The fiction-writing exercise described in the posts of February 2 and 7 was the first assignment of a class in which the students would later write essays on assigned subjects, using works of fiction and poetry as sources. The goal was to provide the students with some insight into what it takes to write fiction. (Poetry writing was addressed in another exercise). The greater goal was to engender a keener appreciation of fiction.
After creating the first draft of the essay, it was time to introduce some fiction techniques.
Exercise: The groups gathered to storyboard their work. The storyboard we used is a blank page divided into squares. The students were asked to represent graphically the high points of their story — the actions which move it along. Only a few students have the artistic training to do complex drawings, but they can use stick figures and simple designs. This exercise gives them a clear idea of how the story moves from point to point, and of where the tension is.
Exercise: The second exercise for the groups was to create a backstory for their two main characters. To do this, they created a history for each one. This exercise can give depth to the characters, and helps them create a story that is more organic and natural. I noted that storyboards are a conventional way of writers to present, say, a new television series to the producers, and asked them to treat the exercise as a such a presentation.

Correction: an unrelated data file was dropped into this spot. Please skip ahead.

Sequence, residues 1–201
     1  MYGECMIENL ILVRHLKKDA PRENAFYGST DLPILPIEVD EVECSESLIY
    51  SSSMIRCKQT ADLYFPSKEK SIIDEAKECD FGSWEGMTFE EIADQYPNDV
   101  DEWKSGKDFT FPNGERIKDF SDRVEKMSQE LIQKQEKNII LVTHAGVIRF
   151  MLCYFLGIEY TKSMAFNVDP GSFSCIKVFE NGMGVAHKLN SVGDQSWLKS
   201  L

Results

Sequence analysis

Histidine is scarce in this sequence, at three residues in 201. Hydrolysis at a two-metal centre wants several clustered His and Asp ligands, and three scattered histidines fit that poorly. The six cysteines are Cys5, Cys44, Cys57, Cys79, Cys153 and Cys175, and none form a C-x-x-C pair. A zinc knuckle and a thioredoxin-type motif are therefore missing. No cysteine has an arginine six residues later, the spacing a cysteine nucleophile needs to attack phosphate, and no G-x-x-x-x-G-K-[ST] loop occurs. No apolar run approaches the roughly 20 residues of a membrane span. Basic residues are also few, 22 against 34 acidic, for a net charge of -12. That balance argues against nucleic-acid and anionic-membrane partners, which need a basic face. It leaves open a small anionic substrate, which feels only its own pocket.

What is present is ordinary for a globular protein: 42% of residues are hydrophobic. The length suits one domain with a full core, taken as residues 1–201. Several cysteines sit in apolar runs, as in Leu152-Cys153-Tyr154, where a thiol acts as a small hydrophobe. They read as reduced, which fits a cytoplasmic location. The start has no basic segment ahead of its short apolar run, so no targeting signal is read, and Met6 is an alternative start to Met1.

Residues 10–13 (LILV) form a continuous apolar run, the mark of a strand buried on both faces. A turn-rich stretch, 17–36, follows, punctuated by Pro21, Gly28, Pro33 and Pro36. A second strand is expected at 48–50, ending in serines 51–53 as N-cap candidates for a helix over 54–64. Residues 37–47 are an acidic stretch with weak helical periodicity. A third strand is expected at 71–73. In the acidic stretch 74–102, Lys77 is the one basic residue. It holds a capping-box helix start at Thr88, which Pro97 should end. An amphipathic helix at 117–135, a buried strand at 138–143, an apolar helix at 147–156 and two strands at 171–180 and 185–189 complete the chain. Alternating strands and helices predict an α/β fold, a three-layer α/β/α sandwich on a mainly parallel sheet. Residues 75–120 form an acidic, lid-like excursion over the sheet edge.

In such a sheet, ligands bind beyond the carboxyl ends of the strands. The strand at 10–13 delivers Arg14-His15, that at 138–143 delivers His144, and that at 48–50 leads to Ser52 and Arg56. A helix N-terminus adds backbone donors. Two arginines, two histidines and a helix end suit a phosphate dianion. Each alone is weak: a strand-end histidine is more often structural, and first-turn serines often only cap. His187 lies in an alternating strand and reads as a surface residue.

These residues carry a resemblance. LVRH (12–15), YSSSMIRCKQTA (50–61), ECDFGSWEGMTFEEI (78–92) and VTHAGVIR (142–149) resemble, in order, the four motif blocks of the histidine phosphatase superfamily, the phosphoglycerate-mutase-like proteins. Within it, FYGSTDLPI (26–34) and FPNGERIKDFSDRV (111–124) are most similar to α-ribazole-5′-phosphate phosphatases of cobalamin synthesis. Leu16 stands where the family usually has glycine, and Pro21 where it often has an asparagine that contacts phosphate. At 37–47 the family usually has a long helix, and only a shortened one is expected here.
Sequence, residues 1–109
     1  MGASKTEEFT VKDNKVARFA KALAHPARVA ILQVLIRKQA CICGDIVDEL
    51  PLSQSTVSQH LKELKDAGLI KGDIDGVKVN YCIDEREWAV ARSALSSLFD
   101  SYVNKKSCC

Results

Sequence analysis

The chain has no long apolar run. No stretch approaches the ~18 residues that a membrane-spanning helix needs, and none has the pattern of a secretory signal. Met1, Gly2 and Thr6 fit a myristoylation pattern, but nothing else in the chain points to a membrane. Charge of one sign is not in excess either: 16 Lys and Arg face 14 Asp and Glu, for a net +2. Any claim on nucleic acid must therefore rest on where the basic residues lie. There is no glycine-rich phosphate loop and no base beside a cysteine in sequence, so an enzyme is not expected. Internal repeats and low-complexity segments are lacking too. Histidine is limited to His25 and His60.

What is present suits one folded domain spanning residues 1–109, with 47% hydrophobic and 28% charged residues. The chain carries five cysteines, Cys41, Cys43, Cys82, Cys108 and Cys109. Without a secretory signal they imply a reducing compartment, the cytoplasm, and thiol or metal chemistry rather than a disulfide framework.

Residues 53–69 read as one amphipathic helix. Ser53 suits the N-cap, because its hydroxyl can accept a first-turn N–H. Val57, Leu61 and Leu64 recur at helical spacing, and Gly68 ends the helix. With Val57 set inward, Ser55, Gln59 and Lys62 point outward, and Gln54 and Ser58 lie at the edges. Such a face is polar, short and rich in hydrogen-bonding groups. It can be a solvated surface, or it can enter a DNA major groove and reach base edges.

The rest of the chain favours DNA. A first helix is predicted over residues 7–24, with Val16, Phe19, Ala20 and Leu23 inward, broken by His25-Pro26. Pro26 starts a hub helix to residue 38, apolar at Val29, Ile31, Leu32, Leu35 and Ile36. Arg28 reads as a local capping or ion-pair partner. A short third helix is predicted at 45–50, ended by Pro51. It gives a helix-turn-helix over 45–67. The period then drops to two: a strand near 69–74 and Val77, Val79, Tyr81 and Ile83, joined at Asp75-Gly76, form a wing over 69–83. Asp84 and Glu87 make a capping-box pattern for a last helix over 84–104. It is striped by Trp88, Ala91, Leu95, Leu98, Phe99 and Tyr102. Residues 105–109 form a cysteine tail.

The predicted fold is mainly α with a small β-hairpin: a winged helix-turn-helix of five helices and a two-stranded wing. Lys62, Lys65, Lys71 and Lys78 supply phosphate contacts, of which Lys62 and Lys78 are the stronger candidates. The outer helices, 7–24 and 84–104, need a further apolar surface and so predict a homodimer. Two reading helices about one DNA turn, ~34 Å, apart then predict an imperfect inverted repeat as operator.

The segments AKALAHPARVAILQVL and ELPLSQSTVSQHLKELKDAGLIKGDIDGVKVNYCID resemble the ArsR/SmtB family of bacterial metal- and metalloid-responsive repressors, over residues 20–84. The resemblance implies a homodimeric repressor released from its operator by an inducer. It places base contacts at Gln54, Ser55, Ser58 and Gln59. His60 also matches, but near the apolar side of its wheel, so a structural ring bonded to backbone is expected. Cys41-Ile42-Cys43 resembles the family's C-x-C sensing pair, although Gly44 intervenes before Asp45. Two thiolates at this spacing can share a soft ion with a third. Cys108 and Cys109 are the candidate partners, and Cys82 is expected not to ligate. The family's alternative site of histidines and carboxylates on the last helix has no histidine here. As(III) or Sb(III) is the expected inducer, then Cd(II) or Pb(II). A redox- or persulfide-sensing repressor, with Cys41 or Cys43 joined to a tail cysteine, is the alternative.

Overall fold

Both of these exercises have the benefit of bonding the class, and they are unfailingly fun for the students. While not strictly a Linguistics exercise, it shows the way a community mind works in creating language, and that aspect of the work can be pointed out after it is over.
Diversity is often just a concept. Many people live in a diverse town, yet never visit the “foreign” parts of it. Students can be members of a diverse class, yet never come into contact with the parts of their peers’ lives that reflect their different backgrounds. Students with an Italian background, for example, often think that EVERYONE eats lasagna for Christmas. The exercise suggested below can highlight and enrich the meaning of the word “diverse.”